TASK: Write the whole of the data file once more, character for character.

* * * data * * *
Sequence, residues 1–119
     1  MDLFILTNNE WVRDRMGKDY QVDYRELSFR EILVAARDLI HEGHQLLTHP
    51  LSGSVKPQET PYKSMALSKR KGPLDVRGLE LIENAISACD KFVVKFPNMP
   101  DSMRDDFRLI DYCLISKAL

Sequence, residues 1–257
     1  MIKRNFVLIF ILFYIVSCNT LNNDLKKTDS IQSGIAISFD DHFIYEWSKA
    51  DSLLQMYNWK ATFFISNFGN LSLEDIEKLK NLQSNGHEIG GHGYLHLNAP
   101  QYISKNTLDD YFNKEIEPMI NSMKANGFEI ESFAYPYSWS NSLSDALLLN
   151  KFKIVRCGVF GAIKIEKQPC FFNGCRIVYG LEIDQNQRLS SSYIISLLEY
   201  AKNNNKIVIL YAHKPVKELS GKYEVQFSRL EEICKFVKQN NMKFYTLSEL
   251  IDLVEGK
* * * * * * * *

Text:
Sequence, residues 1–119
     1  MDLFILTNNE WVRDRMGKDY QVDYRELSFR EILVAARDLI HEGHQLLTHP
    51  LSGSVKPQET PYKSMALSKR KGPLDVRGLE LIENAISACD KFVVKFPNMP
   101  DSMRDDFRLI DYCLISKAL

Sequence, residues 1–257
     1  MIKRNFVLIF ILFYIVSCNT LNNDLKKTDS IQSGIAISFD DHFIYEWSKA
    51  DSLLQMYNWK ATFFISNFGN LSLEDIEKLK NLQSNGHEIG GHGYLHLNAP
   101  QYISKNTLDD YFNKEIEPMI NSMKANGFEI ESFAYPYSWS NSLSDALLLN
   151  KFKIVRCGVF GAIKIEKQPC FFNGCRIVYG LEIDQNQRLS SSYIISLLEY
   201  AKNNNKIVIL YAHKPVKELS GKYEVQFSRL EEICKFVKQN NMKFYTLSEL
   251  IDLVEGK